Congressman John Lewis Teaches Civil History To A New Generation In Graphic Novel "March"
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To teach the younger generation about the civil rights era, Congressman John Lewis is turning to comic books. He has teamed up with Andrew Aydin, a telecommunications aide in his office, and best-selling comic book artist Nate Powell to write his own, the graphic novel “March.”
“March” is a three book series and is Lewis’ first person account of his experiences fighting for civil and human rights. “Book One” recounts his days growing up in rural Alabama, his life altering meeting with Dr. Martin Luther King Jr., his participation in lunch counter sit-ins and dramatic encounter on the steps of city hall.
Aydin, a comic book fan, proposed the graphic novel idea a few years ago, thinking Lewis’ story should be told in a format that is appealing to young people. Initially the congressman was not sold on it.
“I sort of put it off,” comments Lewis about his reaction to the proposal. But then he thought of how he and other young activists were inspired by the groundbreaking 1950’s comic book “Martin Luther King and the Montgomery Story.”
“My mind went back to 1957, ‘The Montgomery Story,’ telling the story of Martin Luther King, Jr. and the bus boycott, and how they did it with the comics,” says Lewis. “And making it easy for young people to understand the power of nonviolence, the power of direct action, and peaceful resistance.”
“And I finally said, ‘Yes, let’s do it,’ because I saw the need to try to educate and inspire and get more young people motivated to do something about all of the violence in our society and to let them know that during another period in our history that a group of young people had the courage to use the way of peace, the way of love, the way of nonviolence to bring about change. It’s a successful technique, a successful philosophy, and it’s a way out.”
“March” turns Lewis and key figures of the civil rights movement into characters young people can relate to. One section depicts a young, nervous Lewis meeting a down to earth Martin Luther King Jr. They met because Lewis was interested in integrating Troy State University in Alabama and sought King’s help. Lewis was unable to proceed with his plans because his parents did not consent to it. But the comic clearly shows how this pivotal point in his life led Lewis down the path of nonviolent social activism.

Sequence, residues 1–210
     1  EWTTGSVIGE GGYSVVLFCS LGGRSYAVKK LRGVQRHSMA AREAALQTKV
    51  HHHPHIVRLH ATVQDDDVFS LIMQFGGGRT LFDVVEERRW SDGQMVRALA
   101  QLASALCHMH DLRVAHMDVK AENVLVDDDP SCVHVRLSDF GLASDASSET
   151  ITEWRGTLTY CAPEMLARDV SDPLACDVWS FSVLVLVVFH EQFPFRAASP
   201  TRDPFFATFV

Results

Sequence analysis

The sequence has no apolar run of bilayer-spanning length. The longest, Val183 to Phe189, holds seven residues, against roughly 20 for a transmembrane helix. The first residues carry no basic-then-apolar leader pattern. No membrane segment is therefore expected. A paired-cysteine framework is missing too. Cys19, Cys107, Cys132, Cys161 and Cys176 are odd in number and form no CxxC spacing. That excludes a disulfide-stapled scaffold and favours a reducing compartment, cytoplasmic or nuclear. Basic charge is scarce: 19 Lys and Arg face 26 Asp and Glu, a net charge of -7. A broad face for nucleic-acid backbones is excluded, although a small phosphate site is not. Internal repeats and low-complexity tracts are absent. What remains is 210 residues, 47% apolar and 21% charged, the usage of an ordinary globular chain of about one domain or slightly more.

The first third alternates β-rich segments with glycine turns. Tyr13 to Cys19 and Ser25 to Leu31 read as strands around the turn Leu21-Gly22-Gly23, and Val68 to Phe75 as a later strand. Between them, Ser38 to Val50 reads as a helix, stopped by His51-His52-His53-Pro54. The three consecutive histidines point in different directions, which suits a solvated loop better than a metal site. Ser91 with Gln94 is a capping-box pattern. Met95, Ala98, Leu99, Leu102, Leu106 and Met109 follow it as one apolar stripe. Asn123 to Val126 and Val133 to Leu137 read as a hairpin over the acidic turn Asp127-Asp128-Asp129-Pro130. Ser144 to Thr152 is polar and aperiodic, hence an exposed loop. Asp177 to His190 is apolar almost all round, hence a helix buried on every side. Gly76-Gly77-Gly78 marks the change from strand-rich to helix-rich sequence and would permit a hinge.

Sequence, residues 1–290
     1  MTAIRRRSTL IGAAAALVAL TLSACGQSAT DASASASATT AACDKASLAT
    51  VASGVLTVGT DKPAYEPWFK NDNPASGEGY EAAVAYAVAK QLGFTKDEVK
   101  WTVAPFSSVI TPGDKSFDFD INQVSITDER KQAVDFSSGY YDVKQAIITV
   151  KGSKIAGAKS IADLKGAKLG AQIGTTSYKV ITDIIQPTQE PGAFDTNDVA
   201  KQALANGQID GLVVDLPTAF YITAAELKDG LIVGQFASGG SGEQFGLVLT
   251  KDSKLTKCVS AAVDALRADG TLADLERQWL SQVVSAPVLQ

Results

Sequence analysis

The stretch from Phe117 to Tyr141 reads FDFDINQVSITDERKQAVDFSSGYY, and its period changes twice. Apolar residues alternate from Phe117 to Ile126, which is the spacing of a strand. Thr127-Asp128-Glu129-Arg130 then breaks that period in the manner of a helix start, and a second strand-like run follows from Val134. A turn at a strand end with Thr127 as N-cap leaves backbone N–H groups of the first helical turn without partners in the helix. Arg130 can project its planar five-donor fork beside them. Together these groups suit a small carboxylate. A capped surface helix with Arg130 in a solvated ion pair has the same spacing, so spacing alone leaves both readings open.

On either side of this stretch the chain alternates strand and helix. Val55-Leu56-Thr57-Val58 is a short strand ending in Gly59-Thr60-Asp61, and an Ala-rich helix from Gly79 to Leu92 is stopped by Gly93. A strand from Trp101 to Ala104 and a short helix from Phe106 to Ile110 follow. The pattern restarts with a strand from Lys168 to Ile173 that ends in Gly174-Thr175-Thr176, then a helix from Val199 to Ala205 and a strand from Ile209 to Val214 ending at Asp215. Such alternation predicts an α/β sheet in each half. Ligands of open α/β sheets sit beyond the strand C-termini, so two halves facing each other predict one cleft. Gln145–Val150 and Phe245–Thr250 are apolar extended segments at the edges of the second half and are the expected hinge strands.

Aydin says humanizing Lewis and other historical figures was easy because of how Lewis tells his story.
“So much of this story is based on Congressman Lewis’ words as a storyteller,” reflects Aydin. “It’s a rich oral history that has been put down on paper and brought to life by Nate Powell’s amazing imagery and talent as an artist. I just did the best I could to capture Congressman Lewis’ words in a way that let Nate Powell have what he needed to make his unbelievable art.”
While “March” is not the first time a comic book has been used to tell the story of civil rights, it represents other milestones. It is the first graphic novel authored by a sitting member of Congress. It is also the first graphic novel endorsed by a commander-in-chief - President Bill Clinton.
The book has already enabled Lewis to reach wider, unexpected audiences. In July, he, Aydin and Powell appeared at San Diego Comic-Con, one of the largest comic book conventions in the country. Superhero icons like the “Hulk” tv show actor Lou Ferrigno lined up with young fans to shake hands and get their books signed.
“March” is in bookstores now and is available in both softcover and e-book formats.